Lately, it's been far too easy to focus on "what those people are doing." I'm thinking we can improve the next year by focusing instead on what we ourselves are doing.. For instance, giving.
Give is a word that has been with English speakers for a very long time – actually, even before we had a language called English. Give takes up a whopping seven and a half pages of the OED & has seventy-two meanings, both transitive & intransitive. Wow.
Give came from the Proto-Indo-European word ghabh-, which interestingly meant to have, to hold, to give & to receive. Talk about ann all-purpose word.
Some intriguing bits of trivia:
-The reason we can give someone a cold is the thankfully forgotten belief that by infecting others we can heal ourselves (give someone a cold while taking that person’s health).
-In Old English give started with a y & was spelled yiven (mostly). Nobody knows why, but it looks as though give’s Old Norse cousin gefa (give) influenced it enough to change that initial letter.
-The idiom I don’t give a ____ has been around since the 1300s. Early words that filled in the blank were a straw, a grass & a mite.
-The idiom what gives? was born in the 1940s.
-The related word gift showed up in the 1300s. In Swedish, gift means poison.
-One of the earliest English meanings of gift was natural talent, inspiration.
-Idioms that employ the word give include:
-give the finger
-give someone a break
-give the shirt off one’s back
-give someone the shaft
-give someone the nod
-give someone the evil eye
-give someone five
-give someone the creeps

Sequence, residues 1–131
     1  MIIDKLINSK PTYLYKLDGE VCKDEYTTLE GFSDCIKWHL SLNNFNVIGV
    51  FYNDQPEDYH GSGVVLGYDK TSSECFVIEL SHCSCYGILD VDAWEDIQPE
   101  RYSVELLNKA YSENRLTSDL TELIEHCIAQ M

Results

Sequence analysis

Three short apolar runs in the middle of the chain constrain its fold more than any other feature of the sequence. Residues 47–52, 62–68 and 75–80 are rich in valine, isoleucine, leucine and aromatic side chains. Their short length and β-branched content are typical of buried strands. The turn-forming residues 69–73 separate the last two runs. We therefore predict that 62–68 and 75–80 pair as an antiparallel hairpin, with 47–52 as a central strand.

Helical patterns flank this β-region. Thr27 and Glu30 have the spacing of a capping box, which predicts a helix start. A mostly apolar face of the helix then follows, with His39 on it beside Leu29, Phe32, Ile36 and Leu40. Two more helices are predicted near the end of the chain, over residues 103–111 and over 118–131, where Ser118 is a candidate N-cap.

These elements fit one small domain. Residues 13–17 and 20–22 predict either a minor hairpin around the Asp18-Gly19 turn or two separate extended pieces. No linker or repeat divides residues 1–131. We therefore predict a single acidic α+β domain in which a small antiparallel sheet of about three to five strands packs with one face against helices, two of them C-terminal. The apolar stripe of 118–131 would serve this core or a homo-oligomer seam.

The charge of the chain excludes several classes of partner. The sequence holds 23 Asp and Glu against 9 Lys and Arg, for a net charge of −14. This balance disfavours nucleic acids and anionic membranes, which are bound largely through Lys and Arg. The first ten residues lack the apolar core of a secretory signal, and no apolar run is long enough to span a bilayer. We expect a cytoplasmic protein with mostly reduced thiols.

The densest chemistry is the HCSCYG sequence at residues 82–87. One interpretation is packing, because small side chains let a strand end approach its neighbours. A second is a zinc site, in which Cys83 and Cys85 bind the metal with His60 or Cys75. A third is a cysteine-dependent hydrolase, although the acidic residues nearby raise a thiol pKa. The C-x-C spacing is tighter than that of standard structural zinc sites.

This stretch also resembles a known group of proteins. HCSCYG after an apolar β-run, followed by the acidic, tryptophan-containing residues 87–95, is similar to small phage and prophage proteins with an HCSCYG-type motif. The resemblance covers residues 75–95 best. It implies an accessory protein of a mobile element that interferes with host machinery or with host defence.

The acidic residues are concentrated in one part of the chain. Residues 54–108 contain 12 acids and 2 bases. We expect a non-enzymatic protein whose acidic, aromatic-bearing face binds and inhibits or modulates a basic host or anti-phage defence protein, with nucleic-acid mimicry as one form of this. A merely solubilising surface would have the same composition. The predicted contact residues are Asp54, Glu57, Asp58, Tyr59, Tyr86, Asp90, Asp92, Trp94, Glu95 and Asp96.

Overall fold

-give someone a shot
-give someone the third degree
-give someone the low down
-give someone the green light
-give someone a hard time
-give someone a hand
-give someone some skin
-don’t give up our day jobs
In the coming year, may we all be able to focus on our own actions more than the actions of others, and may we all find many ways to give..
Big thanks to this week’s sources Learn American English Online, Wordnik, Etymonline,& the OED
Lois Lowry’s The Giver is a fantastic teen/middle grade read, & has been since it showed up in 1994. In 2013, the final book in The Giver Quartet appeared, titled Son. This fourth book offers an intriguing look into the wonders & challenges of love.
For this week’s post, we’ll take a look at the etymologies of the words Lowry used for her titles in The Giver Quartet books: The Giver, Gathering Blue, The Messenger, & Son.
The word give came to Old English as giefan, to give, bestow, allot, grant, commit, devote or entrust. It has close relatives in Old Frisian, Dutch, German & Gothic, & all those find their roots in the Proto-Indo-European word ghabh-, to take hold, have, or give. That same root spawned the word habit.
The word gathering entered English in the 1100s, as gaderung & meant meeting. It came from the Old English verb, gaedrian, to unite, agree, gather, collect, or store up. It’s related to German, Dutch, Old Frisian & Gothic words with these meanings: unite, husband, spouse, fellow, & join.
Messenger came to English as messager from Old French about 1200, meaning envoy, ambassador or messenger. Linguists call the n that showed up two centuries later parasitic, as it showed up “for no apparent reason except that people liked to say it that way.” Interestingly, the noun message was derived from the verb messager, appearing in the 1300s, meaning communication transferred via a messenger. Messenger is related through its French grandmother & Latin great grandmother to transmit, mission, emissary, & submit.
Had Lowry’s fourth book, Son, been published in Old English, it would have been titled Sunu, meaning – what a surprise – son. Other Germanic language brothers of son include sonr, zoon, sone, sunuz, sohn & sunus. All of these words herald from the Sanskrit verb su, to give birth.
Fellow writers, what can you pull out of these etymologies that you would hope for your own work? Fellow readers, what do you find in these etymologies that you look for in your Next Great Read? Please let us all know in the comments section.
My thanks go out to this week’s sources The OED, Merriam-Webster, & Etymonline.
I write for teens & tweens, bake bread, play music, and ponder the wonder of words in a foggy little town on California's central coast.
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